Issue #6044 has been updated by Marc-Andre Lafortune.


Additional problem case:

4.2 % 0          # => ZeroDivisionError
4.2 % 0.0        # => NaN
4.2.send :%, 0.0 # => ZeroDivisionError

Because returning NaN is not a useful result and to be consistent with BigDecimal, all three will raise a ZeroDivisionError unless someone has arguments to the contrary.


Yui NARUSE wrote:
> About the implementation, flodivmod() should be public but internal API and declare prototype in internal.h,
> and use it from insns.def.

Ok, thanks, I will do that.


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Bug #6044: Float#% bug in cornercases
https://bugs.ruby-lang.org/issues/6044

Author: Marc-Andre Lafortune
Status: Open
Priority: Normal
Assignee: Marc-Andre Lafortune
Category: core
Target version: 2.0.0
ruby -v: ruby 2.0.0dev (2012-02-16 trunk 34633) [x86_64-darwin10.8.0] 


On my platform, current behavior is:

  4.0        %  Float::INFINITY  # => NaN
  4.0.send  :%, Float::INFINITY  # => 4.0

  -0.0       %  42  # => 0.0
  -0.0.send(:%, 42) # => -0.0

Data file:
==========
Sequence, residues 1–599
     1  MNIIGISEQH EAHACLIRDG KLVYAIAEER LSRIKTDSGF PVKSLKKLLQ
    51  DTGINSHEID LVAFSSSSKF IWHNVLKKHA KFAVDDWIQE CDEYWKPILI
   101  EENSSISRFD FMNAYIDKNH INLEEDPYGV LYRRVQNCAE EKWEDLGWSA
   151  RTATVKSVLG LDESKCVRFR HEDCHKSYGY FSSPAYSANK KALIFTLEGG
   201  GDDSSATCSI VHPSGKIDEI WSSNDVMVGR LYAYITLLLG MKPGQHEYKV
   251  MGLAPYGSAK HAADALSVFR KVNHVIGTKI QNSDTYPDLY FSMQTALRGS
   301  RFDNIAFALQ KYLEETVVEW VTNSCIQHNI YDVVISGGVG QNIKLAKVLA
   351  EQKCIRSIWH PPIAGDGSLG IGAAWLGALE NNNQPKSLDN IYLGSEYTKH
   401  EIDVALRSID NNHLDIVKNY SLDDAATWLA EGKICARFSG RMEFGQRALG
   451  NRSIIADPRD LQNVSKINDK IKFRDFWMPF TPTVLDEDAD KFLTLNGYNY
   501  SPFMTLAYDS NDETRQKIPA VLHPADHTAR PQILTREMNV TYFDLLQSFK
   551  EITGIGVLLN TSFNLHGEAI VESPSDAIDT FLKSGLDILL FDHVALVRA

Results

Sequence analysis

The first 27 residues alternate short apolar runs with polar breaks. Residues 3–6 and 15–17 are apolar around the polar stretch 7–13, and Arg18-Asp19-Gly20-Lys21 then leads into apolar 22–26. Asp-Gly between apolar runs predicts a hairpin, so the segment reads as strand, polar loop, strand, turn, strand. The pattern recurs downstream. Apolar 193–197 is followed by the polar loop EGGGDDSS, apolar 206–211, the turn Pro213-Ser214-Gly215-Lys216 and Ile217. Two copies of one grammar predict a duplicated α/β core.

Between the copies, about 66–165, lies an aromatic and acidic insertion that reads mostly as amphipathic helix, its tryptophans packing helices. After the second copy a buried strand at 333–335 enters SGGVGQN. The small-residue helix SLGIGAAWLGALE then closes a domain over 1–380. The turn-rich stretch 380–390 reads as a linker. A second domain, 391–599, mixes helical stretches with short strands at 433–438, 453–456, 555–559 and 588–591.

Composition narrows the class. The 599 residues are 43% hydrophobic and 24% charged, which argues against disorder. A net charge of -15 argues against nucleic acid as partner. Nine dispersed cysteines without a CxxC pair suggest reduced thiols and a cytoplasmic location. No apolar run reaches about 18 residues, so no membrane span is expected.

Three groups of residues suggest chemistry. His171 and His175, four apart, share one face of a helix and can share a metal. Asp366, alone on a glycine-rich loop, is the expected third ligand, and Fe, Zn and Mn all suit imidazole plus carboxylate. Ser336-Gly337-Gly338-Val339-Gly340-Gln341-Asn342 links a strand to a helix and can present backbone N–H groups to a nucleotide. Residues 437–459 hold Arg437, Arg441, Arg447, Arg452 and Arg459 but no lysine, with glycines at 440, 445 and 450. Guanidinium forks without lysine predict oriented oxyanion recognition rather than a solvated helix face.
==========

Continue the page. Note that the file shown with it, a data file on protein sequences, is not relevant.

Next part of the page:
On some platforms, these might return NaN and 0.0 in all cases.

My proposed behavior is to return 4.0 and -0.0 on all cases and on all platforms.

I'm tempted to assume it is clear that this is bug and that my proposed behavior is the right solution, but let me use my guidelines:

Proposed behavior passes my "strict superiority test" as it is clearly more consistent:
* consistent for different calling methods
* consistent accross platforms
* consistent with 4 % Float::INFINITY
* consistent with the IEEE definition of fmod (see http://pubs.opengroup.org/onlinepubs/007904975/functions/fmod.html )

It is also more intuitive and useful, since:

  any_small_number % any_big_number == any_small_number

Current behavior passes the "clear defect test" as it is platform dependent (when it can reasonable be platfom independent). I'll add to the list of "clear defect" criteria the fact that calling an operator directly doesn't yield the same result as using `#send`.

The proposed solution fails my "straightforward" test as the proposed behavior contradicts part of the documentation which states "x.modulo(y) means x-y*(x/y).floor".

Any objection for me to commit this?

Thanks
--
Marc-André


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